Forming a national Pompe group: our experience

Category: IPA Conferences
November 30, 1999

Mrs M. House
Acid Maltase Deficiency Association
United States of America

Formation of AMDA

The AMDA, Acid Maltase Deficiency Association, was formed in 1995 to foster and promote research and interest in Acid Maltase Deficiency (AMD), also known as Pompe’s disease. It is a US based non-profit organization that my husband and I formed after our daughter was diagnosed with juvenile AMD, almost 5 years ago.

Frustration over the lack of information about the disease and the desire to stimulate research in this field, motivated us to organize an association devoted exclusively towards AMD.

Progress in AMD Research

When our daughter was diagnosed, we were told that there was no treatment or cure for this disease. We were told that the disease was progressive and that there was nothing that could be done to save our daughter’s life. We were told that all research in this field had been unsuccessful. Early attempts at enzyme replacement had failed, and since the disease was so rare, it was doubtful that research would progress.

But research has progressed, and it has progressed dramatically. Currently, there are two groups conducting clinical trials with Enzyme Replacement Therapy (ERT). One group is in the Netherlands and the other group is in the United States. Both groups have the backing of pharmaceutical companies that are gearing up to produce and market the enzyme.

AMDA has now been in existence for almost 5 years. We maintain a large patient registry. We have sponsored 3 scientific conferences that have been attended by scientists and physicians from all over the world. We publish a newsletter that reaches patients, physicians, professionals, and other interested parties and keeps them informed on current developments in research. We maintain an Internet site that provides vital information and also links to other sources of information.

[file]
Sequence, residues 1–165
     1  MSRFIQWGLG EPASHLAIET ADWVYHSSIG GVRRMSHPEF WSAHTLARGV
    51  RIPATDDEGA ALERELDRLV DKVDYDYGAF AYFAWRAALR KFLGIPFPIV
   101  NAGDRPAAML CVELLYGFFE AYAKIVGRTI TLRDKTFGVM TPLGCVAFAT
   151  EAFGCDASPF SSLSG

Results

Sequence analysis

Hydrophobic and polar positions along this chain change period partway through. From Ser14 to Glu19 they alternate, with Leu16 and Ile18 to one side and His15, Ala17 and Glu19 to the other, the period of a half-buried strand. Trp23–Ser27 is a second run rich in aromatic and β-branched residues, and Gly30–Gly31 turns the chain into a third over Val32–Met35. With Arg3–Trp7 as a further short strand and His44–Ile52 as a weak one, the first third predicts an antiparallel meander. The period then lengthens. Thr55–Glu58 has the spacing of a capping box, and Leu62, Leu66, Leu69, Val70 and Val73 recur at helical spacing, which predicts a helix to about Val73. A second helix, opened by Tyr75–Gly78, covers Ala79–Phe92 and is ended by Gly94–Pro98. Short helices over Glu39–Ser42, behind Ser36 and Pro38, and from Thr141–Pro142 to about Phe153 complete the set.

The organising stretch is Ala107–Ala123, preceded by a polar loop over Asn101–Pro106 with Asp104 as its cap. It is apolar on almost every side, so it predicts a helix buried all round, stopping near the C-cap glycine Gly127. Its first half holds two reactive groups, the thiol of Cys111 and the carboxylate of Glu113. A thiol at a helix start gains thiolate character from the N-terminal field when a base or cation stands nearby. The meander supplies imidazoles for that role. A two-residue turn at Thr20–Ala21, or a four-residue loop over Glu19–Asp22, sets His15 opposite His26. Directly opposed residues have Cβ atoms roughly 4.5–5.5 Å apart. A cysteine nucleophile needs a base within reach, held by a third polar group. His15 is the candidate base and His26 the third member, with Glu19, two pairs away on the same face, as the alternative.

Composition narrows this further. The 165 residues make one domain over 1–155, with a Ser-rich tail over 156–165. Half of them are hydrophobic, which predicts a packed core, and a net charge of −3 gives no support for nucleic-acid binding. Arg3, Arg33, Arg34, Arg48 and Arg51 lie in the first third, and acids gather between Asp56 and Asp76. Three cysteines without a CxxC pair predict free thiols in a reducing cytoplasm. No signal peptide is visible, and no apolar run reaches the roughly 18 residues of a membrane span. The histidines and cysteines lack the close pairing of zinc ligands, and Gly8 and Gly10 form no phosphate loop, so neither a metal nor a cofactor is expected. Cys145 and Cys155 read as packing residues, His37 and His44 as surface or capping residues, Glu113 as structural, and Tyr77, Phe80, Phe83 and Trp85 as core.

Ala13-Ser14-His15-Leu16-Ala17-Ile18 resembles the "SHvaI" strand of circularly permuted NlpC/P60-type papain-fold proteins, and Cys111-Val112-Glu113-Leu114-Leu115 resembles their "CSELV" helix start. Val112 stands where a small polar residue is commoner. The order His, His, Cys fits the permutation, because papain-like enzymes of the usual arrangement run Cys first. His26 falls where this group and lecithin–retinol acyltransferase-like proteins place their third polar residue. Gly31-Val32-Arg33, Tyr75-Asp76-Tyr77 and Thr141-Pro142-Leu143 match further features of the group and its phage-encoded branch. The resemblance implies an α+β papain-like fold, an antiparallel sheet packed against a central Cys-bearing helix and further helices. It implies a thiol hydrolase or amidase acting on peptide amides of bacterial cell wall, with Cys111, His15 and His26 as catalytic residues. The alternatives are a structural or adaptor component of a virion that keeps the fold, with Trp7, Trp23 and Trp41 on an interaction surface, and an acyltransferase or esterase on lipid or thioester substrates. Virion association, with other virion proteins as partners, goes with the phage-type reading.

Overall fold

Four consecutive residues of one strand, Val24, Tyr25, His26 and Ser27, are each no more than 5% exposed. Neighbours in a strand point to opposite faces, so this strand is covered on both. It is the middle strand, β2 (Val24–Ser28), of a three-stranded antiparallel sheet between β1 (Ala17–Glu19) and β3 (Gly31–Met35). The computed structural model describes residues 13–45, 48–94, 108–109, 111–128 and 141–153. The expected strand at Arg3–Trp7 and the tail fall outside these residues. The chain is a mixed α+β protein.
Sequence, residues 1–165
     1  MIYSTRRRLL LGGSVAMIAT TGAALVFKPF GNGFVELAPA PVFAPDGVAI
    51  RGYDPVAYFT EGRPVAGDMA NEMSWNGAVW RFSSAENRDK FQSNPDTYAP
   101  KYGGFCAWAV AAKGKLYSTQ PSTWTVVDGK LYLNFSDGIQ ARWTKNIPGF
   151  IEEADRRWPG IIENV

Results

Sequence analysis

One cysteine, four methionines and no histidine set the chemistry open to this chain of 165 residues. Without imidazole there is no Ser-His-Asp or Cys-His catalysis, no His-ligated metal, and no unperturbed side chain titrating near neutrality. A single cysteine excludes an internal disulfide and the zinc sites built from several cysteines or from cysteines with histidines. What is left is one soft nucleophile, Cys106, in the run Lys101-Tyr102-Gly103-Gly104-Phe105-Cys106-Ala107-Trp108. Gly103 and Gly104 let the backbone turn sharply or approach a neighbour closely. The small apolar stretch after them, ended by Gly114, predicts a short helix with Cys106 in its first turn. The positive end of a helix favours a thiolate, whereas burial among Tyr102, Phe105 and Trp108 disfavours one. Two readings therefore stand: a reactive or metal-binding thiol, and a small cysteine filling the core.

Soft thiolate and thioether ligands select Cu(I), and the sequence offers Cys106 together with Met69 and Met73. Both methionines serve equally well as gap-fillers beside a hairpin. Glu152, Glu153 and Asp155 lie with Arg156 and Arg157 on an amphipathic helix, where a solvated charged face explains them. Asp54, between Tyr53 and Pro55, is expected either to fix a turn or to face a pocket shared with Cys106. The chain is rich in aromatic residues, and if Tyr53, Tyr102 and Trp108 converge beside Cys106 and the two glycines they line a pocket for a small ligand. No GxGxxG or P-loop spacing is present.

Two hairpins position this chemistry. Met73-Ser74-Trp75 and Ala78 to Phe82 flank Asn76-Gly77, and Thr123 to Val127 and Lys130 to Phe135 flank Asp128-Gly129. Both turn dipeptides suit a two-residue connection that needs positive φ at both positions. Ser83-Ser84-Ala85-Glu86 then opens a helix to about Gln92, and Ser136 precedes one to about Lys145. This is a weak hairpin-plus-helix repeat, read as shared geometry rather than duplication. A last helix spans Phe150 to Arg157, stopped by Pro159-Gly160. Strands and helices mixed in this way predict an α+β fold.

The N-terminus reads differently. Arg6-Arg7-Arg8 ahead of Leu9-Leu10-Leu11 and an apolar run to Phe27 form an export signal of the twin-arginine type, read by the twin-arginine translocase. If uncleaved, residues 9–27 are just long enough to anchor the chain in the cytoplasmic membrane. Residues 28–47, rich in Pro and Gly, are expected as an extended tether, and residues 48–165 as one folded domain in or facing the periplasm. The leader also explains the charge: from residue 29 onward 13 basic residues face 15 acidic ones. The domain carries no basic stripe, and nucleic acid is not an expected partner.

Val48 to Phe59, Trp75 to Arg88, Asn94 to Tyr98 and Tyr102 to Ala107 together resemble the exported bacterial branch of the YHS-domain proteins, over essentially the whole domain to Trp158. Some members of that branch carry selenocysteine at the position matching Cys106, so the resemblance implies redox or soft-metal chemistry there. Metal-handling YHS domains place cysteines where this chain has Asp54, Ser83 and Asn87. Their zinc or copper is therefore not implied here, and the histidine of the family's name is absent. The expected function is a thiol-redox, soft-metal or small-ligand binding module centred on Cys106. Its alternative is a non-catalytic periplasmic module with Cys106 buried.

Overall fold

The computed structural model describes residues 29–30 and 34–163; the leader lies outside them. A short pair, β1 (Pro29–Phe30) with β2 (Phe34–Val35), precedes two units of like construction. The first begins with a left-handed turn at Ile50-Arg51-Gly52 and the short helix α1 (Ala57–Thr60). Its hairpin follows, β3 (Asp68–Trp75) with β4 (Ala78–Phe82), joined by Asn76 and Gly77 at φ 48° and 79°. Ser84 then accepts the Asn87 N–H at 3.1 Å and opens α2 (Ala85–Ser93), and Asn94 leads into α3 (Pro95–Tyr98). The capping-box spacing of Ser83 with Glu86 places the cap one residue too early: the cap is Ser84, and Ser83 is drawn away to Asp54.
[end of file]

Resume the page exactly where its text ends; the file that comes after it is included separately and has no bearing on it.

It is amazing how things have progressed in the last 5 years. Our optimism is hard to control. The future looks bright. If the current clinical trials are successful, they will be expanded and marketability of the enzyme could be a reality within several years.

Hopefully, ERT will prove to be a successful treatment for AMD, but we cannot stop there. Research into gene therapy, the ultimate cure for AMD, must continue. In addition, a non-invasive means to diagnose the disease must be developed.

Future Goals of the AMDA

Our work has only just started. We will continue to push for a treatment and ultimately, a cure for this disease. Our future goals are outlined below:

  1. Availability of Enzyme Replacement Therapy for all patients.
  2. Establish a patient service center to provide assistance in obtaining insurance coverage for ERT treatment. Set up a fund to covered the care of indigent patients.
  3. Work with governmental authorities to insure that all patients have access to treatment regardless of economic condition.
  4. Continue to make available current research information to patients, medical professionals, and other interested parties throughout North and South America.
  5. Provide support and assistance to organizations in neighboring South American countries that want to form an AMD association. It is important that patients in all countries have access to current information and can be provided with assistance in finding medical professionals who are knowledgeable in the diagnosis and treatment of the disease. With the establishment of patient support groups throughout South America, industry will have a foundation on which to build a patient market and thereby will be motivated to establish treatment centers in these countries.
  6. Stimulate the scientific and medical community to continue efforts to advance research into gene therapy for AMD.
  7. Support research into the development of a diagnostic tool to screen for and detect the disease in the early stages.
  8. Provide counseling and support for families dealing with a sick child or family member.
  9. Provide updates on issues that may arise as more data is obtained on the effects of therapy on the patient.
  10. Work with broader based groups to promote research and to educate patients and physicians. The IPA is an ideal way to do this.


The motto of AMDA was taken from a book that was given to our daughter after her diagnosis. We have found this to be an appropriate theme and goal for the AMDA:

It is difficult to say what is impossible
for the dreams of yesterday are the hopes of today
and the reality of tomorrow.
(by Robert H. Goddard)

Back to news articles